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Thread: Motorola C261

  1. #1
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    Motorola C261


    As a plain old cellphone that always gets a signal, has good voice quality, has a decent speakerphone, and is small and easy to stick in my pocket, this phone has been great for the last four years, maybe five. Problem is it won't hold a charge very long anymore. I've bought new batteries, several over time, but whether charged from my car charger or from two wall chargers I use, it just doesn't last very long. One solid hour of talking will put the battery icon in the blinking stage. Standby will last two days or so.

    Is this something in the phone that can be fixed? Are my batteries just wearing out fast? Is this phone known for having this problem over time?

    I'm reluctant to buy something new, although I've sure been shopping. If I didn't have this battery duration problem I'd not even consider anything else - except when I eventually upgrade to a smartphone someday, if I ever do.

    I read somewhere along the way that the "charging port" might be going bad, or is already there. Does that make any sense to anyone?

    Thanks,

    Mike

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    I had this model, and I noticed that it wasn't very good at getting a signal. The harder the phone has to work to get a signal, the faster the battery will go down. The radio will change its power to adjust to the conditions. So if you are now using it in a more fringe area, the power will have to increase and use up the battery faster. It seemed to struggle for me even in a good area. I had to get a different phone because of the No Service issues even outside a major hospital in a state capital.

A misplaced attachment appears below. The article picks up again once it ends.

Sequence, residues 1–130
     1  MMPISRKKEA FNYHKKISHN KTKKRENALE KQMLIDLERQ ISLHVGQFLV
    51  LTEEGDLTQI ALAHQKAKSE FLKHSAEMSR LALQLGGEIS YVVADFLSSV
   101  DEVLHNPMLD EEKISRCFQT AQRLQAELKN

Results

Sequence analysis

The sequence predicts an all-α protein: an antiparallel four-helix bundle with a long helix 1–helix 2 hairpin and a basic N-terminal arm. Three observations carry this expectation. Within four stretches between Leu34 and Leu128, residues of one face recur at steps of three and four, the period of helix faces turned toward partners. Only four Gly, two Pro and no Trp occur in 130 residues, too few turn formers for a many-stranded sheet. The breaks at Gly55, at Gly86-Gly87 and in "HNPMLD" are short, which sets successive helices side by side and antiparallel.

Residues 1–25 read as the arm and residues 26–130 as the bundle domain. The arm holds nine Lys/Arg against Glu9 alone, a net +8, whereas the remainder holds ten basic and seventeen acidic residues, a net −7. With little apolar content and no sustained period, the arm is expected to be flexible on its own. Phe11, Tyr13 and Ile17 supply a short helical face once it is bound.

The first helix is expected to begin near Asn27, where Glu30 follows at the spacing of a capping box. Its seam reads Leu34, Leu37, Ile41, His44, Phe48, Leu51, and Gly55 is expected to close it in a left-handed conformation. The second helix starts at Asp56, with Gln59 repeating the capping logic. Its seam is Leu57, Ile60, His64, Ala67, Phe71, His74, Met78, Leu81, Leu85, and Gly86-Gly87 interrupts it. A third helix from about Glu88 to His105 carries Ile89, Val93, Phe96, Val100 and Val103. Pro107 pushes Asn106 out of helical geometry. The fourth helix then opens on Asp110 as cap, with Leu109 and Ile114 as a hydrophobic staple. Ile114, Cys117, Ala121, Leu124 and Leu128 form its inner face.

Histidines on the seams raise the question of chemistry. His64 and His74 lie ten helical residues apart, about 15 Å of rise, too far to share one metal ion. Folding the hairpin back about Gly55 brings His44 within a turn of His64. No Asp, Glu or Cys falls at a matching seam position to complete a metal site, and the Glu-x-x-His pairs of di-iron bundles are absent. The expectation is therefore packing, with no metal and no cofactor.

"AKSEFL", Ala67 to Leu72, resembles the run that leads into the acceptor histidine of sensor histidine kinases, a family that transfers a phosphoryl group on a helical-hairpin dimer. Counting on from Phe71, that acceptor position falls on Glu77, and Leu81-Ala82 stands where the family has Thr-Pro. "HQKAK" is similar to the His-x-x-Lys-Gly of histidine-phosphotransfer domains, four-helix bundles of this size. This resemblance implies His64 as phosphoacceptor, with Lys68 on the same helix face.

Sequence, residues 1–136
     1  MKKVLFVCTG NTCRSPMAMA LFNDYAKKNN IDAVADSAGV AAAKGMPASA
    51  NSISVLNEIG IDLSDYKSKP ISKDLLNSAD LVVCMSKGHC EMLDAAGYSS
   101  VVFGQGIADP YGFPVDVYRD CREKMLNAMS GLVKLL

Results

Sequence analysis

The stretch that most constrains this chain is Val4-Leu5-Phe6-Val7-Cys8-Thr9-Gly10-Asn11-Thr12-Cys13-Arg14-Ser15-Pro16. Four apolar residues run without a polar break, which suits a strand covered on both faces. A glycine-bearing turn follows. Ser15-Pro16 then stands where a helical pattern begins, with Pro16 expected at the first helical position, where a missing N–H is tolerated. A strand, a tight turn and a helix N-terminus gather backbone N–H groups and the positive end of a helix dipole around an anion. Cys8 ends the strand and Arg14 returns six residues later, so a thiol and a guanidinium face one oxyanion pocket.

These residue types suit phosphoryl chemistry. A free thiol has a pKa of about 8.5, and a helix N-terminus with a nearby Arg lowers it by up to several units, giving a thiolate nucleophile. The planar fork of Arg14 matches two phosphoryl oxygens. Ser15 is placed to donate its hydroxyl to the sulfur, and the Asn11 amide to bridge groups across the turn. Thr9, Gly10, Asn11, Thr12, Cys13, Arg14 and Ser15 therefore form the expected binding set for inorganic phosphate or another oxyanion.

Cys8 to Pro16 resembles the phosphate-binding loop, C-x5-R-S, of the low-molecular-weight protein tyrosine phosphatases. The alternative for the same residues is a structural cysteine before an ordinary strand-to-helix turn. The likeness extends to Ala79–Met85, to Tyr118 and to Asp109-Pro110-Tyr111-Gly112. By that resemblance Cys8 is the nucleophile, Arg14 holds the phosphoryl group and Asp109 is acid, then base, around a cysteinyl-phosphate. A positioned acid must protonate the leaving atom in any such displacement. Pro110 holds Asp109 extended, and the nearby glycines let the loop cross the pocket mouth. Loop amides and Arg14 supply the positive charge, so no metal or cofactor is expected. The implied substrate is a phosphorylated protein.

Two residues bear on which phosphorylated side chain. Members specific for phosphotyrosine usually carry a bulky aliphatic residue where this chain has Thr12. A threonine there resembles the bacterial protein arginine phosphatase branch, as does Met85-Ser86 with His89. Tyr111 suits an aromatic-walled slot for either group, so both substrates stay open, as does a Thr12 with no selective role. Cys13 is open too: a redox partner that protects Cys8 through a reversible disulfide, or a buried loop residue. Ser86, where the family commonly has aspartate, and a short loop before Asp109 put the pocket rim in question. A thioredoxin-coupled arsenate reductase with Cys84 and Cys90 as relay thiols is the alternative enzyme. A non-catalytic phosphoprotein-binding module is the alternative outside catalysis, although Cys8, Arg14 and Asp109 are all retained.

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    Try a new battery. Once the battery gets past a certain number of charging cycles the performance can drop quickly.

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    Quote Originally Posted by texbiker View Post
    Try a new battery. Once the battery gets past a certain number of charging cycles the performance can drop quickly.
    The OP said he has gotten several new batteries and even new batteries don't hold a charge. It sounds like it is the phone.

    OP, have you thought about replacing the phone with an exact duplicate? Or try an electronics repair chain like UbreakIfix. http://ubreakifix.com

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    Thanks for the feedback on this issue. I have noticed when travelling between San Diego and Las Vegas that the phone will need charging by the time I get to my destination, so I figured distance from towers had something to do with battery life.

    I wonder if this issue doesn't apply to all cellphones though, not just this one. Don't they all work the same in this respect?

    I really have liked the candy bar form factor (smallness and lightness) of this phone. Maybe I should get another one (they are still on TF's inventory even though they are so old).

    I've seen a little black candybar from TF (Samsung?) that is even smaller than this C261. If it has the same features as my current one I'd probably like that one even more. I guess I need to do some research on that one.